Inflammation and its resolution in atherosclerosis: mediators and therapeutic opportunities


Atherosclerosis is a lipid-driven inflammatory disease of the arterial intima in which the balance of pro-inflammatory and inflammation-resolving mechanisms dictates the final clinical outcome. Intimal infiltration and modification of plasma-derived lipoproteins and their uptake mainly by macrophages, with ensuing formation of lipid-filled foam cells, initiate atherosclerotic lesion formation, and deficient efferocytotic removal of apoptotic cells and foam cells sustains lesion progression. Defective efferocytosis, as a sign of inadequate inflammation resolution, leads to accumulation of secondarily necrotic macrophages and foam cells and the formation of an advanced lesion with a necrotic lipid core, indicative of plaque vulnerability. Resolution of inflammation is mediated by specialized pro-resolving lipid mediators derived from omega-3 fatty acids or arachidonic acid and by relevant proteins and signalling gaseous molecules. One of the major effects of inflammation resolution mediators is phenotypic conversion of pro-inflammatory macrophages into macrophages that suppress inflammation and promote healing. In advanced atherosclerotic lesions, the ratio between specialized pro-resolving mediators and pro-inflammatory lipids (in particular leukotrienes) is strikingly low, providing a molecular explanation for the defective inflammation resolution features of these lesions. In this Review, we discuss the mechanisms of the formation of clinically dangerous atherosclerotic lesions and the potential of pro-resolving mediator therapy to inhibit this process.

Key points

  • Modified lipoproteins and cholesterol crystals accumulate in the arterial intima and induce foam cell formation and inflammation.

  • Defective efferocytosis of apoptotic foam cells leads to necrotic core formation.

  • Defective efferocytosis is a sign of failure in the resolution of inflammation.

  • Inflammation resolution is mediated by specialized pro-resolving lipid mediators, proteins and signalling gases.

  • Improvement of the balance between pro-inflammatory and pro-resolving processes enables the resolution of inflammation.

  • Pro-resolving mediator therapy could be a novel approach to suppressing the formation of clinically dangerous atherosclerotic lesions.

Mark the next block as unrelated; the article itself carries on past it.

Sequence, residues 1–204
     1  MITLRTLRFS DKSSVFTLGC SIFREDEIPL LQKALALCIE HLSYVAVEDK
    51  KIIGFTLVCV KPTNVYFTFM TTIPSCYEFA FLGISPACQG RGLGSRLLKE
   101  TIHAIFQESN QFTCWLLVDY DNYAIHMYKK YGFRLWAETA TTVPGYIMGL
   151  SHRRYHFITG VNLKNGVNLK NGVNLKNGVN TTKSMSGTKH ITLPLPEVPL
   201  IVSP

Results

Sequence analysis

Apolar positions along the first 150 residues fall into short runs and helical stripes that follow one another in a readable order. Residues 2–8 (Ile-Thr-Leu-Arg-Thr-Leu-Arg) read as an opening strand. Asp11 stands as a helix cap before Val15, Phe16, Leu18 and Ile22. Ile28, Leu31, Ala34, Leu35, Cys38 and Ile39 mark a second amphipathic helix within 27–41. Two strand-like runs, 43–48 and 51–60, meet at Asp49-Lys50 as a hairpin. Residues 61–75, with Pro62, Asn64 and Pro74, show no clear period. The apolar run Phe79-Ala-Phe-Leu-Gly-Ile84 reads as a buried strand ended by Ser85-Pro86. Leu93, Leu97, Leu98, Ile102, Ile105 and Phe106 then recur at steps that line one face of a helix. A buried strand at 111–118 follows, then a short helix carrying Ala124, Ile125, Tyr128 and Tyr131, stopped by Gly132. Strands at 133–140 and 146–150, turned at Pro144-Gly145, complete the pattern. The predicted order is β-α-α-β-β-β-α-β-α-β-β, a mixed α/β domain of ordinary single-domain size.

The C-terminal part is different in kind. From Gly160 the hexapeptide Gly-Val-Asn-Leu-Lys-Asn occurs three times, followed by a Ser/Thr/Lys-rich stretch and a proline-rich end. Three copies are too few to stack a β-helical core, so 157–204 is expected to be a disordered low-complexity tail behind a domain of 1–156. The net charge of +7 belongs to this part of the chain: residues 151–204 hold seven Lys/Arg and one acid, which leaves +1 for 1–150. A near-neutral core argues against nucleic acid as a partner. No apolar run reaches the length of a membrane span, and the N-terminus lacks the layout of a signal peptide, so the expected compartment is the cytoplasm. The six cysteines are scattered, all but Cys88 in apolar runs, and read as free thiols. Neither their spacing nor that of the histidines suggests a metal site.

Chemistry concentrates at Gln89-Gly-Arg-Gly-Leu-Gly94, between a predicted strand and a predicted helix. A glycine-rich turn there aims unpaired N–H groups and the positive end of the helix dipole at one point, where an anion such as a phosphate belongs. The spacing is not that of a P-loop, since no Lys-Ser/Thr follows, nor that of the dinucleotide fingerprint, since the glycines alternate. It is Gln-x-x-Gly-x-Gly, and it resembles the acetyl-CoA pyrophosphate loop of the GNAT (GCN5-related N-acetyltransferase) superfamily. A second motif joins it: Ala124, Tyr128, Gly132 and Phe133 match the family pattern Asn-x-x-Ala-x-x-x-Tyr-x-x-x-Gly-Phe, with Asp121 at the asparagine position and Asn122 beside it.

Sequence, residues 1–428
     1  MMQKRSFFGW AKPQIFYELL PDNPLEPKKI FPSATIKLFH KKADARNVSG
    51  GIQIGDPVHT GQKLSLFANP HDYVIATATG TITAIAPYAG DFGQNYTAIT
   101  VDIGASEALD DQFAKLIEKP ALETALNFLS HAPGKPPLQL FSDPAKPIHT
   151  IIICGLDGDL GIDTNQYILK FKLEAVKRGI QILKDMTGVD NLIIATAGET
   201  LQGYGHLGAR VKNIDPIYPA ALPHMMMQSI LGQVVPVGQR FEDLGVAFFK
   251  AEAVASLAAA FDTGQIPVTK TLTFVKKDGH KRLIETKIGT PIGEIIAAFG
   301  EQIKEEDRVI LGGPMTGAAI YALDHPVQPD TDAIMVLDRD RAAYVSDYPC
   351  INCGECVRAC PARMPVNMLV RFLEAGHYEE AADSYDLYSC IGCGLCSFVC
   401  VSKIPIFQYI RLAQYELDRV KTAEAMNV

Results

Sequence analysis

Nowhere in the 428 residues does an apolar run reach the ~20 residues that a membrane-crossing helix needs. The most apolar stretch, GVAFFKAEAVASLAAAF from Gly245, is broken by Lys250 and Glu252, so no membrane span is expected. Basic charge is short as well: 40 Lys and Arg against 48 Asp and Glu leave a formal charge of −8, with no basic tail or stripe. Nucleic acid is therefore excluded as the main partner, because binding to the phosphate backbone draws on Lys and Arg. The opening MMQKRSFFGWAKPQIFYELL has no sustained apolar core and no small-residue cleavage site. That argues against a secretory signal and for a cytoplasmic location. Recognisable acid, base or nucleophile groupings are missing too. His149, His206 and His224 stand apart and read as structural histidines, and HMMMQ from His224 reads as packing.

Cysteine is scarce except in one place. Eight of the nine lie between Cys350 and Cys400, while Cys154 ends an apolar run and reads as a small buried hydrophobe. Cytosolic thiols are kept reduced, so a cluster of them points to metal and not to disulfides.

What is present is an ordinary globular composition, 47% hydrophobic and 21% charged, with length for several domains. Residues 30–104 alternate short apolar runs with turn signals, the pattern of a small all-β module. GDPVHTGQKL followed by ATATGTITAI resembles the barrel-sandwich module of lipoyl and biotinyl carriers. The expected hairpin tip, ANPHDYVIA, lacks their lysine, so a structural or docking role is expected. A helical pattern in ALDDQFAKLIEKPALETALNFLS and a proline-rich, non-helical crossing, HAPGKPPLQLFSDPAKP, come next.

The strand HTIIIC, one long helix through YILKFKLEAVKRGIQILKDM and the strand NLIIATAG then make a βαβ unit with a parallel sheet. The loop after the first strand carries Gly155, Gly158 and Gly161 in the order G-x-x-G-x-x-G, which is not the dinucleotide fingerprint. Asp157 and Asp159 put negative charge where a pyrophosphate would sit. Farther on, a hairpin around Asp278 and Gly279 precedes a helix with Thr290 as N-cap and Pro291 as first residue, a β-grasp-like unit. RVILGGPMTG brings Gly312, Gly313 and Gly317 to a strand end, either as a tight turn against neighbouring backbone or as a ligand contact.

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Fig. 1: Ligands and receptors transducing pro-resolving signalling in macrophages.
Fig. 2: Modified lipoproteins and cholesterol crystals induce inflammasome activation.
Fig. 3: Macrophage life cycle and cholesterol round trip in atherosclerosis.
Fig. 4: Defective efferocytosis drives necrotic core formation in atherosclerosis.
Fig. 5: Resolution versus chronic inflammation in atherosclerosis.


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M.B.’s research is supported by grants from the Swedish Research Council (2014–2312), the Swedish Heart and Lung Foundation (20180571) and the Marianne and Marcus Wallenberg Foundation (2015.0104). A.Y.’s research is supported by the NIH (T32 HL007343-28 and K99 HL145131). I.T.’s research is supported by the NIH (R01 HL075662, R01 HL127464 and R01 HL132412). K.Ö.’s research is supported by the Academy of Finland (315568), the Aarne Koskelo Foundation and the Finnish Foundation for Cardiovascular Research. The Wihuri Research Institute is maintained by the Jenny and Antti Wihuri Foundation.

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Nature Reviews Cardiology thanks C. J. Binder, K. Ley, and the other anonymous reviewer(s), for their contribution to the peer review of this work.

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Bäck, M., Yurdagul, A., Tabas, I. et al. Inflammation and its resolution in atherosclerosis: mediators and therapeutic opportunities. Nat Rev Cardiol 16, 389–406 (2019).

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